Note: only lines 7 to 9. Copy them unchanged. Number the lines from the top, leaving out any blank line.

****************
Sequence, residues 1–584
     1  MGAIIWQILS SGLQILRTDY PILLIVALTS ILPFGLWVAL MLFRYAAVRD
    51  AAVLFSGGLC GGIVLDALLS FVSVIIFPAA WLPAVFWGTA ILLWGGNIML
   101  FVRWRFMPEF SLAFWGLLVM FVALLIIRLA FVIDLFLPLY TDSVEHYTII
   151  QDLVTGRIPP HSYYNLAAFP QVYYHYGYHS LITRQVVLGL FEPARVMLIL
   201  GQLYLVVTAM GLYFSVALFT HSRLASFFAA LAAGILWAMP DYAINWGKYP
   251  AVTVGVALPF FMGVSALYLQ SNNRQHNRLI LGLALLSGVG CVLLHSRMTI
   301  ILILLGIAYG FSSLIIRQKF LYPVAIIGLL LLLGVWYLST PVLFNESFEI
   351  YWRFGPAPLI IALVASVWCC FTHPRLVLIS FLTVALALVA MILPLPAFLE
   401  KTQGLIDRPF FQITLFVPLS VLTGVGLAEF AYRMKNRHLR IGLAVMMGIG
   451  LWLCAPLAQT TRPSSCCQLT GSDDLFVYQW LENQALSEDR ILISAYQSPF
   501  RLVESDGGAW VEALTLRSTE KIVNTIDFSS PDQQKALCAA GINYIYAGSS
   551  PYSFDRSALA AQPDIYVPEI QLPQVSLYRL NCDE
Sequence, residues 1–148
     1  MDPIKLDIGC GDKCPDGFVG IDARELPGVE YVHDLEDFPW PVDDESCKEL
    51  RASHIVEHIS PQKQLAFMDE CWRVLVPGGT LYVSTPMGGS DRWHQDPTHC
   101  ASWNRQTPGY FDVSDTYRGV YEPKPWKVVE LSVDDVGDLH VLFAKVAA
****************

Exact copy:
   251  AVTVGVALPF FMGVSALYLQ SNNRQHNRLI LGLALLSGVG CVLLHSRMTI
   301  ILILLGIAYG FSSLIIRQKF LYPVAIIGLL LLLGVWYLST PVLFNESFEI
   351  YWRFGPAPLI IALVASVWCC FTHPRLVLIS FLTVALALVA MILPLPAFLE